Being young, female in this day and age
In the spirit of youth month, we had a chat with two starlets - portraying schoolgirls on TV - about issues that affect young women in a post-apartheid South Africa.
Rhythm City actress Mapula Mafole and Generations: The Legacy star Candice Modiselle give their views on topics ranging from femicide, #MeToo and mental health.
Candice Modiselle( 23)
Modiselle has a bubbly personality and her character as Lerato on Generations: The Legacy continues to capture the hearts of many every night on the popular SABC1 soapie.
When she is not on set or juggling her radio and TV gigs, the youngest of the Modiselle sisters lends her voice to advocate for social issues affecting the youth today.
Modiselle says in the wake of multiple cases of femicide, she has become paranoid and spends most days thankful that she is alive.
"It scares me that women are reduced to a retweet. It scares me how desensitised the countless killings of women is that it's a social norm.
"It's crazy to imagine that in 2018 I consider myself lucky to be alive. I consider myself to be lucky to get home from an Uber or Taxify and walk into the house and enter my bed and to say I made it.
"It should be a norm for us not to be in abusive relationships. It should be a norm for us not to be killed by our partners but instead it has become a social norm for us to see another woman missing, killed or beaten. . It's almost as if it's demonised, there seems to be a looming spirit of Satanism. I don't know what it is, but it's unnatural,"
Modiselle says feminism is an important concept for young women in the new age.
"It's so misunderstood that being a feminist is about being an angry black woman. We really need to redefine what it means because in general people don't understand," she says.
"They think it's just another angry black woman that disguises her vindictiveness by being 'woke'. They think by being a feminist you are just . expressing your rejection towards men. As women we need to stand together . because it's easy to conquer divided women.
On mental health, Modiselle believes it's one of the problems that go hand-in-hand with the increasing alcoholism rate among the youth.
"We think that depression is witchcraft, especially among the black culture. Depression and anxiety is not witchcraft, it's not sulking, because if you go to black parents and say 'I am depressed' they will say to you 'stop being emotional'. I truly believe that mental health and alcoholism like poverty and education should be in the top five of national issues that affect the youth."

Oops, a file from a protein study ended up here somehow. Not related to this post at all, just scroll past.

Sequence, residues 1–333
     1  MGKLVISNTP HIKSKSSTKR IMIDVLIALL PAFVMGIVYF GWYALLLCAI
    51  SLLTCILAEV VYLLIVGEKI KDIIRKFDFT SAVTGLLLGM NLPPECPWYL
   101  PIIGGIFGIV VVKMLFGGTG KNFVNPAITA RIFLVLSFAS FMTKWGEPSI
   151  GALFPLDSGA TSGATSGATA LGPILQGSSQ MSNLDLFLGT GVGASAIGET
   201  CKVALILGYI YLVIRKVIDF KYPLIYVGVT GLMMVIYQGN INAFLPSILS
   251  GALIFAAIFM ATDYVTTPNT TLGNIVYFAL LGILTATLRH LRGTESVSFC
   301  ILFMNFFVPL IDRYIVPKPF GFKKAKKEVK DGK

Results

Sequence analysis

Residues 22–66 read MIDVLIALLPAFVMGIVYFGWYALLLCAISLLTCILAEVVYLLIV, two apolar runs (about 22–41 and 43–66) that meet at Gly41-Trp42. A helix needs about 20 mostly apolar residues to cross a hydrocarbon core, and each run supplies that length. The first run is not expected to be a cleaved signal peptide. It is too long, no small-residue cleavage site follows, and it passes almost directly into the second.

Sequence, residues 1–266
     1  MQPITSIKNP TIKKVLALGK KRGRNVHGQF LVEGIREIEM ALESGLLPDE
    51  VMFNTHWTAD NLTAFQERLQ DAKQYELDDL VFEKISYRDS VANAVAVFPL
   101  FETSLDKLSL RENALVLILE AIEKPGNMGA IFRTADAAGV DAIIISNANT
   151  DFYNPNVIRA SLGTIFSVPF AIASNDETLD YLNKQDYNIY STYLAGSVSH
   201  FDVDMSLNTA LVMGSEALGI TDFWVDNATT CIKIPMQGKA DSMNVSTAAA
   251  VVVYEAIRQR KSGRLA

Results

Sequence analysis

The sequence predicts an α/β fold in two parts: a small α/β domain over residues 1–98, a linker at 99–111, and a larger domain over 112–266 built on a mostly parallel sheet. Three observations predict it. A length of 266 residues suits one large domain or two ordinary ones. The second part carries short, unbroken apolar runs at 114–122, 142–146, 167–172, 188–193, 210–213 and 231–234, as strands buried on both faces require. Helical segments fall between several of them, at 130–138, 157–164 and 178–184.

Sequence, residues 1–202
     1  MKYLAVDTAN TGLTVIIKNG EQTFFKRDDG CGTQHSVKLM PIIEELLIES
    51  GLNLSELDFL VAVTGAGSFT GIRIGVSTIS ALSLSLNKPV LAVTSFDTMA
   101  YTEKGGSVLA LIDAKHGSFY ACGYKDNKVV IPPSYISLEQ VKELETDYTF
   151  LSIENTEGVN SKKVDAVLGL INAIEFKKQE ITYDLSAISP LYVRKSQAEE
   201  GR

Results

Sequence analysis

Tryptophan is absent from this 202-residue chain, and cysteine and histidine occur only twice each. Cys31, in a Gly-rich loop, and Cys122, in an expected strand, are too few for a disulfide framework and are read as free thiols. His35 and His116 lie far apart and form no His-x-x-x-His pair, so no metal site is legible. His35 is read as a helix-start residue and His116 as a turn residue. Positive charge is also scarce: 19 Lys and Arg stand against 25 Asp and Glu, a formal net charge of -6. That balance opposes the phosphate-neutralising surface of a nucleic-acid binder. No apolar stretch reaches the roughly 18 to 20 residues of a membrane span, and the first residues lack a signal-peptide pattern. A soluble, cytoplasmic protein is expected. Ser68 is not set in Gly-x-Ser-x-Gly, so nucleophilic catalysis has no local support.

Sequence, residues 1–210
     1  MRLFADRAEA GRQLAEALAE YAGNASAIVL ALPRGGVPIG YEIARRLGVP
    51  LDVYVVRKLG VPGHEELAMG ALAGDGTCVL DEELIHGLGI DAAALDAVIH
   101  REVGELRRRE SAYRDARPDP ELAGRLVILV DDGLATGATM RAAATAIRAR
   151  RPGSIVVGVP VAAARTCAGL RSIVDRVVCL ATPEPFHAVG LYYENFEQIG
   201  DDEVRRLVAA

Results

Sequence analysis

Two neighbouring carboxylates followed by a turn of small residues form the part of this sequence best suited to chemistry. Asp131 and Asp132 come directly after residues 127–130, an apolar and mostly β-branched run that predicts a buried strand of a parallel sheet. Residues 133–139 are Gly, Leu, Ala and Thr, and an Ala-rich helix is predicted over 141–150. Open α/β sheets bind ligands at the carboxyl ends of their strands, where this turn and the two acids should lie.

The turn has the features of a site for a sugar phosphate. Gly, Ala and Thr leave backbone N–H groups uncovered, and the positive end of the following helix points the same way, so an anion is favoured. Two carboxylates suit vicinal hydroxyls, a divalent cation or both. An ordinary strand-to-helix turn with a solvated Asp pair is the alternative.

Mapula Mafole (27)
Playing a teenager at the age of 27 years old, with young people looking at her as a role model, the Rhythm City actress says dealing with mental health is one of her concerns as a young person.
"I am all for women and also I am a young woman who has struggled with my own mental health issues," she says.
"I have never been close to someone who has been affected by femicide but I have been surrounded by friends and family members who struggled with mental health."
Mafole says the problem dealing with mental health issues is that there is no holistic approach to the matter.
". it's one thing to say people must talk but the nature of mental illness is that, first of all, it's different in every person. Some people shut themselves away from the world.
"Some people try to pretend. Definitely, speaking is important but I think more than anything as a society we need to come to a point where we destigmatise mental health in a way that we accept that it is an illness and especially with us as young people because we are dealing with matters the older generation did not have to face."
Mafole believes the increased rate of femicide cases should be tackled from the root.
"I think more than anything what needs to be addressed is how we raise young boys We should look at how can we prevent the upcoming generation of young men from repeating these things because it starts somewhere and I think we should nip it from the roots."
Mafole says women should embrace feminism as a way of embracing their own abilities as women.
"It means I am no less than a man in any way, form or size and also understanding that I am allowed the same opportunities as any man. I am a woman and it's okay. . I should not be boxed into what I should be and not be. I am allowed to be what I want to be, like any man."
Would you like to comment on this article or view other readers' comments? Register (it’s quick and free) or sign in now.
Please read our Comment Policy before commenting.